SuperFish is not the only one!

Discussion in 'other security issues & news' started by Emre TINAZTEPE, Feb 22, 2015.

  1. Emre TINAZTEPE

    Emre TINAZTEPE Registered Member

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    Hello Everyone,

    After inspecting the SSL hijacking attempts collected by Zemana IntelliGuard we have come across the list companies who is installing a Root CA on user's PCs with the same private key thus making their users vulnerable to MitM attacks.

    http://cdn9.zemana.com/tmp/RootCAList1.htm

    RootCAList1.png
     
  2. fax

    fax Registered Member

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    Ooops... several security companies in there ... :confused:
     
  3. Azure Phoenix

    Azure Phoenix Registered Member

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    Has anyone reported that issue to those companies?
     
  4. gerardwil

    gerardwil Registered Member

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    Tested and so far no Fish en Komodia here.

    2015-02-22 23_44_51-Superfish CA + Komodia vulnerability test.jpg
     
  5. ghodgson

    ghodgson Registered Member

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    That is a very interesting list, with some (oh dear) very well known companies.
     
  6. Rasheed187

    Rasheed187 Registered Member

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    Can you give some more info? What is the reason they do this, and can't these companies be trusted anymore?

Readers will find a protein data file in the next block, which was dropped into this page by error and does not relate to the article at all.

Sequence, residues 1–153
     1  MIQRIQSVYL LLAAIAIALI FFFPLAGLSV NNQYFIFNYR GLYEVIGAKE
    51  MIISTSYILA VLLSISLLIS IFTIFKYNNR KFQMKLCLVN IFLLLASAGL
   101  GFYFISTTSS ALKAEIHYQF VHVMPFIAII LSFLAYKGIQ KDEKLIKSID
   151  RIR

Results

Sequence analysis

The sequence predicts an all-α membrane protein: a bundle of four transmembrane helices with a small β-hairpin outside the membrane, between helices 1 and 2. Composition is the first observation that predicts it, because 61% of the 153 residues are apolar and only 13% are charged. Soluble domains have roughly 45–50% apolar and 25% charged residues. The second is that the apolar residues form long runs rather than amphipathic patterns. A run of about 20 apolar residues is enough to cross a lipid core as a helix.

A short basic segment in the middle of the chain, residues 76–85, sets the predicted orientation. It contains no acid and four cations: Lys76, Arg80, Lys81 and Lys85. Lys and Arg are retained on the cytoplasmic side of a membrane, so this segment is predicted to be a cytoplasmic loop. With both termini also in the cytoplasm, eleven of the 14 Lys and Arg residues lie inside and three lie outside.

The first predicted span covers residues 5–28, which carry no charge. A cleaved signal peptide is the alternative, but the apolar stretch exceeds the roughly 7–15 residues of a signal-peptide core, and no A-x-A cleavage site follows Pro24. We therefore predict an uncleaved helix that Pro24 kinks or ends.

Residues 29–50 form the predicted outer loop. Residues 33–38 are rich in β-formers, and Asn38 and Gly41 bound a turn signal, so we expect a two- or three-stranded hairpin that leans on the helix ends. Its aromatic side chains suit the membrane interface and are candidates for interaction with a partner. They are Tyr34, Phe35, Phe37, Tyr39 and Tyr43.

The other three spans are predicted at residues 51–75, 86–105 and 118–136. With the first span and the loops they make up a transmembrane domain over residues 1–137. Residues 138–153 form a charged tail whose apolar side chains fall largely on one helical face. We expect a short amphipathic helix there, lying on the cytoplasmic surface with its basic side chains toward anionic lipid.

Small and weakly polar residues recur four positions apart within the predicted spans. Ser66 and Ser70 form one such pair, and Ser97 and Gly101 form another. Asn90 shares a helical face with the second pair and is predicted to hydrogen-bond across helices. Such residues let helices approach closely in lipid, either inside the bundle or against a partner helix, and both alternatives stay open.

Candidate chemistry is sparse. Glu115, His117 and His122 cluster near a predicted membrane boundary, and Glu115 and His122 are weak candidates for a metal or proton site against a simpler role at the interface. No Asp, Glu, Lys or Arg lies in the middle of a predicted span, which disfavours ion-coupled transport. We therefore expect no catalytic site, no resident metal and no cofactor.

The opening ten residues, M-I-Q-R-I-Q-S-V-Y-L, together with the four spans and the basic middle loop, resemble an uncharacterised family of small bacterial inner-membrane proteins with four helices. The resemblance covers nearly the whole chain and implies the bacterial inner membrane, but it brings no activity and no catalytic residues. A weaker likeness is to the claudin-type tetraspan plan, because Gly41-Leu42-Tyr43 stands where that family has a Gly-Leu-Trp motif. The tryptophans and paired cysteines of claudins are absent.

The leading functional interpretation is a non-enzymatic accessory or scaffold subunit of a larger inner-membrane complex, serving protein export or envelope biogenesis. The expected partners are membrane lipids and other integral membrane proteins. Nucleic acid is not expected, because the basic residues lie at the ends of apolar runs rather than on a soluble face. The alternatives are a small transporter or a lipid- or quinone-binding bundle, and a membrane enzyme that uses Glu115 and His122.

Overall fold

7. J_L

    J_L Registered Member

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    Any way to separate potentially malicious usages with legitimate features?
     
  8. Yuki2718

    Yuki2718 Registered Member

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    The reason is to see and/or modify SSL/TLS traffic, and that will be likely to e.g. scan SSL traffic for malware/exploit (some AV), inject ads (Superfish), monitor/modify contents as you like (Fiddler, Proxomitron), monitor and control internet by users (common in corporation), etc.
    Trust or not is what YOU have to decide. I dislike all those MITM attempts unless I myself did, and I know when it comes to crypt even well-known security vendor don't follow best practice. So crypt is good indicator to see how a company is serious about security. Bitdefender's MITM proxy used (and may still use) terrible encryption. Kaspersky have/had long been used Heartbleed vulnerable component in their Android app long after HB was published (this is why I quit to use their app). NVT-ERP uses broken MD5 for file identification as well as path. All these are terrible.
    I think you misunderstand. It's not much about malicious or legitimate, it's more about vunlerability. Superfish happened to use it for adware purpose, but this matter go much further than that. They could be much better while still being adware and still do MITM if they used individually different keys, used latest crypt module rather than dated nss3.dll, strictly verified certificates, and asked user if he want to do MITM (IMO, the problem is most people won't understand). These things are what you have to check if you still want to use products with MITM, regardless of if the vendor is reputable or not.